Hogan Closes the Deal; At Least it Should be Closed

Originally posted at Maryland Reporter.

First, it should be pointed out that contrary to past years’ debates, the three major gubernatorial debates were run nearly as perfectly as is humanly possible.  Except for The Washington Post’s Jenna Johnson, whose deplorable one-sidedness in favor of Lt. Gov. Brown in debate No. 2 was off the charts, the moderators in all three debates were utterly disinterested and important-issue-focused.  The third debate was another splendidly-run debate by Jason Newton, Deborah Weiner, Steve Hammond and Jeff Bowers.

It was lively, punctiliously fair, and allowed both candidates to declaim on the crucial issues.

I thought going into this final debate that Larry Hogan had to focus specifically on the issues that he thought warranted Marylanders’ votes.

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On WBAL radio’s Jimmy Mathis show the morning of the debate, I suggested the following: Larry Hogan should take a chapter out of John F. Kennedy’s 1960 campaign and debate book, and list all of the economic failings of the O’Malley-Brown Administration — including the rise in taxation and spending and number of taxes, the exit of Maryland taxpayers and the rise in unemployment despite the federal jobs in the state —  and then say “We can do better.”

At which point he, Hogan, should state exactly what changes he would fight for and explain why they would relieve these seminal problems.  That is almost precisely what he did.

In doing so, I said this debate could represent the type of closure to a campaign that might lead to the type of victory that Ronald Reagan enjoyed in 1980 when, like in Maryland in 2014, people didn’t know the Republican nominee, were a little wary of how tough he could be, but were willing to take a chance to reverse the course of the misery index (unemployment plus inflation) and huge foreign policy failure as well.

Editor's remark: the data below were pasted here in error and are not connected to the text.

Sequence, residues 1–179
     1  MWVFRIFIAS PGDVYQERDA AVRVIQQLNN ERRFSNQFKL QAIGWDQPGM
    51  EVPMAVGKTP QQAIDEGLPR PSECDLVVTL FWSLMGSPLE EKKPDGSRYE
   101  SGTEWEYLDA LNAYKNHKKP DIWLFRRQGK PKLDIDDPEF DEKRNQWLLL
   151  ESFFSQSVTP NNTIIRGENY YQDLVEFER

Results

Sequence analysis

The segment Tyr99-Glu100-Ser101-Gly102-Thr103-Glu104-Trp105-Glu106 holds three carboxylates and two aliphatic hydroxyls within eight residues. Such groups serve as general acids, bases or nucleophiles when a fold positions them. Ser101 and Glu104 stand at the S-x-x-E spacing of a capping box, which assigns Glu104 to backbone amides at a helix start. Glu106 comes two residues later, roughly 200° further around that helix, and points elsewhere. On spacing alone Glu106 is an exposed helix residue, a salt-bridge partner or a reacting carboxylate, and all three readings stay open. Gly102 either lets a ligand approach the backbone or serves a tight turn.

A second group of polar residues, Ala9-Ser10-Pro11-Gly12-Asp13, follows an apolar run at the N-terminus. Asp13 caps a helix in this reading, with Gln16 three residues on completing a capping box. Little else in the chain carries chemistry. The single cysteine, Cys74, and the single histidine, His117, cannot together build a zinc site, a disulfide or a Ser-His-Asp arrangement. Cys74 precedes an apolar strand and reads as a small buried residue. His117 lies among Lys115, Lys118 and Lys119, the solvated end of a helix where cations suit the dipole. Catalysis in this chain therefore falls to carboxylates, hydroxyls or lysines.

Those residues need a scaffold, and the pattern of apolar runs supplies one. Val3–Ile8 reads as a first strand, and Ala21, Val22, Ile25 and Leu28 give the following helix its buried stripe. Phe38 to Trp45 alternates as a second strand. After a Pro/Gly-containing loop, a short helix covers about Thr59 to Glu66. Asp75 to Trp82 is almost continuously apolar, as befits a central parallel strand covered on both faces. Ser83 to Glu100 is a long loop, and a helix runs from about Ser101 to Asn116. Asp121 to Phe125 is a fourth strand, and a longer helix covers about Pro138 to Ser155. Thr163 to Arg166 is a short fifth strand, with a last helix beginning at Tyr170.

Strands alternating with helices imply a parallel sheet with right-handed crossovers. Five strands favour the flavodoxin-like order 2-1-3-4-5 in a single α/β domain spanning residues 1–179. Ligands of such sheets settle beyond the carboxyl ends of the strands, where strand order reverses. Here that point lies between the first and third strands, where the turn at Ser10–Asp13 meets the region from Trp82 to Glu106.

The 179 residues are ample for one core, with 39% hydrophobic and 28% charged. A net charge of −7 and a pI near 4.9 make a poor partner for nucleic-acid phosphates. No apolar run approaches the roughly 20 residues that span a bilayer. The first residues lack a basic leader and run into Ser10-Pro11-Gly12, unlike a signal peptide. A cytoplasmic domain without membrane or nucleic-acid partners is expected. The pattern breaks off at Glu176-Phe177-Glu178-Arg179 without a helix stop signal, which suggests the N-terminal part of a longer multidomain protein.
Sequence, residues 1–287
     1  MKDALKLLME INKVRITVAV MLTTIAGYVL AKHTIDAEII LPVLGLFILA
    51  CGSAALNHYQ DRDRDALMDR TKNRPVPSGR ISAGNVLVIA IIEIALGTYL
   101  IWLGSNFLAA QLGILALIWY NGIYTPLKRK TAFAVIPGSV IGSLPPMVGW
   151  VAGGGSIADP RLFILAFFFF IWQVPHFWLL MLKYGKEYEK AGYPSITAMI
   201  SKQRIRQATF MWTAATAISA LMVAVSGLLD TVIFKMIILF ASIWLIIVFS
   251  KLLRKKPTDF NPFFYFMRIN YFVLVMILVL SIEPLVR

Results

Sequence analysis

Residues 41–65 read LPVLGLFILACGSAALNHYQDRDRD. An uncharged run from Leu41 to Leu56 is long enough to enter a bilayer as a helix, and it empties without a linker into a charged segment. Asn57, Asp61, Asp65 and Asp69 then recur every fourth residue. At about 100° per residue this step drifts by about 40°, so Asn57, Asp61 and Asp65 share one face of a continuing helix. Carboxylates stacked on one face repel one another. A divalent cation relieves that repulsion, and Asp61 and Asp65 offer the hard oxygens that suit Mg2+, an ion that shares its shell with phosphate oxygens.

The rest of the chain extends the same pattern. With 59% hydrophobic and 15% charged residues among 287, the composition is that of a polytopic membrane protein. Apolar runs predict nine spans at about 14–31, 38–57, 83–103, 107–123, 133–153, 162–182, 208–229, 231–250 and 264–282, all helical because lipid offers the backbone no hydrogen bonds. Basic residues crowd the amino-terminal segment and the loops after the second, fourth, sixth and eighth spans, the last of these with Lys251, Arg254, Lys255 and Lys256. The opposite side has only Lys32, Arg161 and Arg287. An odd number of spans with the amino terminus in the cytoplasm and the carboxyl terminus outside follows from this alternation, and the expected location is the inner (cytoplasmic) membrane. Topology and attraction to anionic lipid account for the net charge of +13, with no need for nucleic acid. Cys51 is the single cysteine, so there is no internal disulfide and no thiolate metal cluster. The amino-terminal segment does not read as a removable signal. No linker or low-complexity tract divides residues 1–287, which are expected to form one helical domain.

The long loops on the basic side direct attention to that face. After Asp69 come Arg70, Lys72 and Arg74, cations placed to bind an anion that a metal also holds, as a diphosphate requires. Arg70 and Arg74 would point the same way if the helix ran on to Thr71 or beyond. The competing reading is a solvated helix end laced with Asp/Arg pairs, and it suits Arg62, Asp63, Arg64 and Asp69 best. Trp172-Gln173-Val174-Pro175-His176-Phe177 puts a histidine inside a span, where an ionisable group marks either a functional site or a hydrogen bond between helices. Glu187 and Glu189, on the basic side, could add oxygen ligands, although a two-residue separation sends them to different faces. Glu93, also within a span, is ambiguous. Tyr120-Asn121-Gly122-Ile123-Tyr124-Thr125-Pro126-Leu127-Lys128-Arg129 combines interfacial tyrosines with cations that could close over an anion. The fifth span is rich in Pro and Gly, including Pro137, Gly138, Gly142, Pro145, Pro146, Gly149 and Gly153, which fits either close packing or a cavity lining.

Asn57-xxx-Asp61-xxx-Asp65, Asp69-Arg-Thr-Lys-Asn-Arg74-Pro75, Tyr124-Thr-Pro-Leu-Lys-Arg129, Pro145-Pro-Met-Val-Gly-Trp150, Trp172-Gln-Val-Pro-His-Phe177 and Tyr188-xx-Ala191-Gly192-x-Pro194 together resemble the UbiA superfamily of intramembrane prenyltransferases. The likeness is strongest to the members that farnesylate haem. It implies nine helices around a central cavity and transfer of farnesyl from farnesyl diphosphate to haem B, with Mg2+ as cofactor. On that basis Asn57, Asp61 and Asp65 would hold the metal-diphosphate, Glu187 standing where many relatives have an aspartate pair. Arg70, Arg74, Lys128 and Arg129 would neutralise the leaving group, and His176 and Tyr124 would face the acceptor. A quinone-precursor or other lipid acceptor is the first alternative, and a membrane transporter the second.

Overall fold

Hogan also said accurately that there were ongoing investigations of the healthcare situation and should have added that it is significant that the Maryland legislature won’t investigate it until after the election.

Repeatedly, Hogan made clear the issues that he thought argued for his election, and, repeatedly, his eloquent but obfuscating opponent, Lt. Gov. Brown, argued irrelevant theses and ignored charges.

Brown emphasized pre-K with no evidence that it improves academic performance or that Maryland can afford it.

Hogan emphasized the loss of $288 million due to the healthcare run-up, and Brown said that lots of people were to blame, including himself,  but not himself significantly.

Brown could name no significant differences between him and Gov. Martin O’Malley, but said that some type of executive privilege rendered him unable to discuss much of it. He never answered charges concerning the consequential siphoning of money from the transportation fund.

Brown again argued that since Hogan appointed the Board of Regents that he was somehow responsible for tuition hikes. Does he really believe that?

Often when Brown gave an answer completely off-topic, the questioners gently asked him the question again – exactly.  Perfectly fair and appropriate.

If the people of Maryland elect Lt. Gov. Brown and reject Mr. Hogan, it will not be attributable to the latter’s debate inadequacies.  Nor will it be due to the false and irrelevant answers to questions provided by Brown, however eloquently.

It will be due to Democratic fealty, insufficiently affected by reasonable discourse.



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